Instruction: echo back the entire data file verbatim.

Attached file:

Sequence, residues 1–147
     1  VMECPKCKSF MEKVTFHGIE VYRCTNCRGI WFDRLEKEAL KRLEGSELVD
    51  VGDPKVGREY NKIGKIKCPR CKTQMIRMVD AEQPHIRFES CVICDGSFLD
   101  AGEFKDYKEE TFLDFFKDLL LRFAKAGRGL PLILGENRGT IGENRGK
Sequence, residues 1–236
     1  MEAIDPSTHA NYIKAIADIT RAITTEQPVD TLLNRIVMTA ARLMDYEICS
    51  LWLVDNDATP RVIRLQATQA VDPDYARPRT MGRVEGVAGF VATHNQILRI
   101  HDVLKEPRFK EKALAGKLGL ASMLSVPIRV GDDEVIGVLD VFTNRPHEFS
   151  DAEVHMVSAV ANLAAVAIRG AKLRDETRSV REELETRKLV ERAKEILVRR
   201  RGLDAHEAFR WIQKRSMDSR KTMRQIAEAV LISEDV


Sequence, residues 1–147
     1  VMECPKCKSF MEKVTFHGIE VYRCTNCRGI WFDRLEKEAL KRLEGSELVD
    51  VGDPKVGREY NKIGKIKCPR CKTQMIRMVD AEQPHIRFES CVICDGSFLD
   101  AGEFKDYKEE TFLDFFKDLL LRFAKAGRGL PLILGENRGT IGENRGK
Sequence, residues 1–236
     1  MEAIDPSTHA NYIKAIADIT RAITTEQPVD TLLNRIVMTA ARLMDYEICS
    51  LWLVDNDATP RVIRLQATQA VDPDYARPRT MGRVEGVAGF VATHNQILRI
   101  HDVLKEPRFK EKALAGKLGL ASMLSVPIRV GDDEVIGVLD VFTNRPHEFS
   151  DAEVHMVSAV ANLAAVAIRG AKLRDETRSV REELETRKLV ERAKEILVRR
   201  RGLDAHEAFR WIQKRSMDSR KTMRQIAEAV LISEDV